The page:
By Jennifer Cryder, CPA, executive vice president and COO
PICPA Council met in Hershey, Pa., on Dec. 10, 2019, to talk about the forces shaping the accounting profession. Council is tasked with identifying and advising on issues of importance to the profession and the PICPA. This is a big job. Thankfully there was plenty of Hershey’s chocolate on hand to help!
PICPA Council has 46 members from across Pennsylvania. In addition to PICPA Board members, each of our 11 chapters sends two delegates and there are 12 at-large spots each term. This structure allows for a mix of experiences across the profession to come together and contribute to a robust dialog.
Our most recent Council meeting began with a panel discussion that was aimed at introducing the perspective of some younger CPAs who are not involved with the PICPA. Council heard from Mike Rucinsky (Deloitte), Kelly Mulhearn (Eisner Amper), Deborah Roseboro (Verizon), and Shea Saman (Food Bank of Central Pennsylvania) about their perceptions of the PICPA. A great dialogue ensued between the panelists and Council members as both groups became more acquainted with the each other’s perspective on the PICPA.
Afterward, Council split into small working groups. Each group was asked to think specifically about a particular segment of PICPA’s membership, such as new graduates in public accounting, controllers in closely held businesses, or sole practitioners. The groups talked through things like the professional challenges of each segment, how particular segments of membership like to learn and develop skills, and what PICPA programs, products, and services could be of benefit to each one. The work of the small groups was shared in ways that brought each member segment to life. Let’s just say that PICPA Council members are very creative!
From there, our carefully crafted discussion agenda really went off the rails – but in the best possible way. I was thrilled and surprised to see Council members so engaged in discussing PICPA’s role in providing value to members – and how rapidly that is changing. Everyone in the room ended up turning their chairs around to face the center of the room. Even though more than 50 people were in the room, it felt like a very thoughtful and intimate conversation ensued. PICPA members spoke with passion about all the things the PICPA does for its members and how hard it would be for any other organization to replicate that. Jeremy Allen (The Walz Group) said, “We all built our careers as CPAs on taking calculated risks, problem solving on behalf of our clients and companies, and picking ourselves back up when we may have stumbled. I think we have to keep moving PICPA forward, and am in strong support of taking a few calculated risks to get us where we need to go as an association so we can keep supporting CPAs in Pennsylvania for years to come.”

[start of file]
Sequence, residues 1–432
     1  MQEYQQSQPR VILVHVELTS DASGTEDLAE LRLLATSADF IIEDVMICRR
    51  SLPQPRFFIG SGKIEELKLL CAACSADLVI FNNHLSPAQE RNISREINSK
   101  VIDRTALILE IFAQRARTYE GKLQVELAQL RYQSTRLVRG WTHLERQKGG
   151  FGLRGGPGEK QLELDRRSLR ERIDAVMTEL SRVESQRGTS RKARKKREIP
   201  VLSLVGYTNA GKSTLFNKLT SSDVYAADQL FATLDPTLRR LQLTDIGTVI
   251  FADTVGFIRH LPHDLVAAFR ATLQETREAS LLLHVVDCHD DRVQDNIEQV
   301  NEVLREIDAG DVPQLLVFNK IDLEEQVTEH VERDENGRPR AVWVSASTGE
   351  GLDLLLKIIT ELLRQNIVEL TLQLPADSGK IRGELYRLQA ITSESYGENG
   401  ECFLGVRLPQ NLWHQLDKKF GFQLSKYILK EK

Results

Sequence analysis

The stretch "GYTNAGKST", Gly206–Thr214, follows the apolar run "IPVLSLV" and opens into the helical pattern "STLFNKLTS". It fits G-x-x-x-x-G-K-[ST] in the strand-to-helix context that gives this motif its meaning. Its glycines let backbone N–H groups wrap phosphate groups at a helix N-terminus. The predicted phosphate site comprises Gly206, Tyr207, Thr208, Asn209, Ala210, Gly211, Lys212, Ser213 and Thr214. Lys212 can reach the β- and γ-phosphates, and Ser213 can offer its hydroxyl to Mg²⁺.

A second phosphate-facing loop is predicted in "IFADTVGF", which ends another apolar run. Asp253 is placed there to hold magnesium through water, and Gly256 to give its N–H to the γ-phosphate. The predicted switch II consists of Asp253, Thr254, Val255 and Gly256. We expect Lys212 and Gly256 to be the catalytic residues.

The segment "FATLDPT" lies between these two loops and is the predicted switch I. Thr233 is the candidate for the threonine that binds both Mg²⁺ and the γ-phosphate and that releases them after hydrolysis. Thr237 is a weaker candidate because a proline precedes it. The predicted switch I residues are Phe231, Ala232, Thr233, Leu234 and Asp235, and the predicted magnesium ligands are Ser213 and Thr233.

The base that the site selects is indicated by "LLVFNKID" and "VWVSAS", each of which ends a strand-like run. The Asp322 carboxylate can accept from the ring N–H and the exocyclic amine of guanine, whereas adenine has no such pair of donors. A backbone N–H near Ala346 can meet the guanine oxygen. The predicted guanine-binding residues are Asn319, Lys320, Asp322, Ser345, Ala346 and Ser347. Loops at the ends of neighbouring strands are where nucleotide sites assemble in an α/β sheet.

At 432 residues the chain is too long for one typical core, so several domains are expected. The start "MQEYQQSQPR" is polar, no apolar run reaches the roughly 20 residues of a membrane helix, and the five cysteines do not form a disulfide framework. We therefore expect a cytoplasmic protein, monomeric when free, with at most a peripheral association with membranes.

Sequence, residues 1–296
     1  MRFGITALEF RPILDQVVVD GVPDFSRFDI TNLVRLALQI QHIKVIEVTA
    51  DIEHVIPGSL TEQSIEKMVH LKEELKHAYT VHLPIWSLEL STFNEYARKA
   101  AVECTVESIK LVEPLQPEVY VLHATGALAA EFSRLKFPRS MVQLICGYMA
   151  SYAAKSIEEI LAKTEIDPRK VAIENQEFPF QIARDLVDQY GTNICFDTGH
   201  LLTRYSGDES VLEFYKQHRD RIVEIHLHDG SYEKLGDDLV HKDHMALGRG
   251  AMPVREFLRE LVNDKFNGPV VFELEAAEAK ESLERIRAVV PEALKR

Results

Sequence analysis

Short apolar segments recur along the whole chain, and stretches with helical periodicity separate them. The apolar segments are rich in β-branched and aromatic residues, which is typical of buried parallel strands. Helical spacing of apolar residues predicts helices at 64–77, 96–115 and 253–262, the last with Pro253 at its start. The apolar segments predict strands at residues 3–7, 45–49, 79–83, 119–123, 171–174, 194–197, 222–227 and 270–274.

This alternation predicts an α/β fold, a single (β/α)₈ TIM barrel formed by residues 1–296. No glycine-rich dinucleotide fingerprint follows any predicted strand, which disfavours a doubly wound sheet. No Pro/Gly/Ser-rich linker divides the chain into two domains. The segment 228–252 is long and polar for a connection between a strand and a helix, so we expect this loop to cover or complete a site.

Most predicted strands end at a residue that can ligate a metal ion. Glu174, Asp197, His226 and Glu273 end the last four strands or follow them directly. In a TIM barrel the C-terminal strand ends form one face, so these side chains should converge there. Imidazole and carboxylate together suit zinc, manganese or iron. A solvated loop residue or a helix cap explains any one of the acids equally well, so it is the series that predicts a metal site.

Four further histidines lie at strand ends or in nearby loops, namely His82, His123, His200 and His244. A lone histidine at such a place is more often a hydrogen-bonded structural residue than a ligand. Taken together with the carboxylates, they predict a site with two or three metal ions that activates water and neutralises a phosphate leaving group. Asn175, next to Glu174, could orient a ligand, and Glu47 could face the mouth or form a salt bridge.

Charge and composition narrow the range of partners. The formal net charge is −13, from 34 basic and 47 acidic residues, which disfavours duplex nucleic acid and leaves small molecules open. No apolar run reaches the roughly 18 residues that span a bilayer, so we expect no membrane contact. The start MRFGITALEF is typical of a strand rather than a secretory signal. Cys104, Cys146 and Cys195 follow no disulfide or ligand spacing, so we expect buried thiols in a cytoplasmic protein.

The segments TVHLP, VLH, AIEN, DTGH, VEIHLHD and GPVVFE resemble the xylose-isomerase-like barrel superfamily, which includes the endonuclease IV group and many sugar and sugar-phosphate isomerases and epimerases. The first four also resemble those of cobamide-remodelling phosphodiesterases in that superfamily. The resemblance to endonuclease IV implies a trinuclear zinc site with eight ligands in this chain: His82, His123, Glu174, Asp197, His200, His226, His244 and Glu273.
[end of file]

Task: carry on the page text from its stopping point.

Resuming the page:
For me, there were two themes that resonated: the importance of personal interaction and the vital role our chapters play in facilitating those connections. So much of the value that the PICPA provides to members is a sense of community and connection. While all our marketing and communication channels (emails, newsletters, and even blogs like this one!) are vitally important to share information, these can never replace the importance of the PICPA connecting with its members in their firms and companies, at learning and social events, or in local communities across Pennsylvania. We heard from Council many great ideas for how to make the connections with each chapter and the state-wide organization stronger. I look forward to working with the PICPA team to see how we can work these connection points even further in our strategies.
Finally, Council challenged the PICPA to evolve and keep pace with the change experienced across the profession. Council members cited the need for adaptation as evidenced by the perspectives in the panel discussion with the younger CPAs, as well as the need to provide personalized value to many different segments of PICPA membership. The next generation of CPAs will not join the PICPA simply for the professional prestige that comes with the association, nor will they retain their membership if they don’t see how the PICPA directly impacts their life as a CPA for the better. With a brain trust like the one we had in Hershey, I’m very optimistic that we can deliver on a strategy of personalized member value and local connections.
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